From (13), as y 1 , the accuracy of regularized solution becomes progressively lower. To retain the continuous dependence of the solution at y = 1 , we introduce the following theorem.

Theorem 4.

Assume that problem (1)–(4) has a solution u such that u y L 2 ( ( 0,1 ) ; L 2 ( 0 , π ) ) and (32) 0 1 n = 1 e 2 n f n 2 ( s ) d s < . Then for all ϵ ( 0,1 ) there exists a y ϵ > 0 such that (33) u ϵ ( · , y ϵ ) - u ( · , 1 ) 2 2 C 1 ( ln ( 1 ϵ ) ) - 1 / 4 , where (34) N = 0 1 u y ( · , s ) 2 2 d s , C 1 = max { u ( . , 1 ) 2 2 + u y ( . , 1 ) 2 2 + π 2 0 1 n = 1 e 2 n f n 2 ( s ) d s N , 3 2 × u ( · , 1 ) 2 2 + u y ( · , 1 ) 2 2 + π 2 0 1 n = 1 e 2 n f n 2 ( s ) d s } .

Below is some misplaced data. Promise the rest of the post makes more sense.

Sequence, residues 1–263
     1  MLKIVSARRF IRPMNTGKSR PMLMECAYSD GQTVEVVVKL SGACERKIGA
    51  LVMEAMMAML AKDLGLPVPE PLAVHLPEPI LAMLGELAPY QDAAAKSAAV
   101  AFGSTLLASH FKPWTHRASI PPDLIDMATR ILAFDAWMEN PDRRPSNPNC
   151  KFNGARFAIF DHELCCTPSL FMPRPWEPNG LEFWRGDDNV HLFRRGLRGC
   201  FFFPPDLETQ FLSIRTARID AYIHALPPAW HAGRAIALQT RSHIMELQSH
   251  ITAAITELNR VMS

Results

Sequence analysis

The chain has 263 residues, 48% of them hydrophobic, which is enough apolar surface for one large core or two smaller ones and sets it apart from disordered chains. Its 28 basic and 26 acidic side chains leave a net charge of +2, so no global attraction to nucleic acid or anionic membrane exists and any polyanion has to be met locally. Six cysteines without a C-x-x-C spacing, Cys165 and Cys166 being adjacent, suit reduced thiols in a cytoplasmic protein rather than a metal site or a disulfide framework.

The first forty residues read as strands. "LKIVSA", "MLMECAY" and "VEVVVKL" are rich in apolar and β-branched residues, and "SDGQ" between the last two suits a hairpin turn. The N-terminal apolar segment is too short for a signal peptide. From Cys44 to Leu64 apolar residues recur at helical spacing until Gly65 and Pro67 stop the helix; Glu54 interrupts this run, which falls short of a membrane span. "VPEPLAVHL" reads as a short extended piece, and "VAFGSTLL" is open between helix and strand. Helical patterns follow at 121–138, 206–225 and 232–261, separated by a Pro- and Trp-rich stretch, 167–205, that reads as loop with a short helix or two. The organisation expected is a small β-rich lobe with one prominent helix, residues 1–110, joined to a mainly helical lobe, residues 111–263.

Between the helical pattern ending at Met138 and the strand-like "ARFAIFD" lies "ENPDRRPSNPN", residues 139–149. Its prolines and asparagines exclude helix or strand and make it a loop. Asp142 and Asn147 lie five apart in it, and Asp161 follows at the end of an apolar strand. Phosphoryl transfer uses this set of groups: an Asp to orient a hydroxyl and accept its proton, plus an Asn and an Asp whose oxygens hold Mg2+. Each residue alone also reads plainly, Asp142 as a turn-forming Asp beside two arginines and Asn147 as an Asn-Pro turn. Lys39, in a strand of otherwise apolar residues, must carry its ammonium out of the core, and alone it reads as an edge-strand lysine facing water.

Proof.

We have (35) u ( x , 1 ) - u ( x , y ) = y 1 u y ( x , s ) d s . It follows that (36) u ( · , y ) - u ( · , 1 ) 2 2 ( 1 - y ) y 1 u y ( · , s ) 2 2 d s = N 2 ( 1 - y ) . Using (29), noticing that α = ϵ 1 / 2 , and (34), we have (37) u ϵ ( · , y ) - u ( · , 1 ) 2 u ϵ ( · , y ) - u ( · , y ) 2 + u ( · , y ) - u ( · , 1 ) 2 C 1 ( 1 - y + ϵ ( 1 - y ) / 2 ) . For every ϵ ( 0,1 ) , there exists uniquely a positive number y ϵ such that 1 - y ϵ = ϵ ( 1 - y ϵ ) / 2 ; that is (38) ln ( 1 - y ϵ ) 1 - y ϵ = ln ϵ . Using inequality ln ( 1 - y ) > - 1 / ( 1 - y ) for every 0 < y < 1 , we get (39) u ϵ ( · , y ϵ ) - u ( · , 1 ) 2 2 C 1 ( ln ( 1 ϵ ) ) - 1 / 4 . This completes the proof of Theorem 4.

Theorem 5.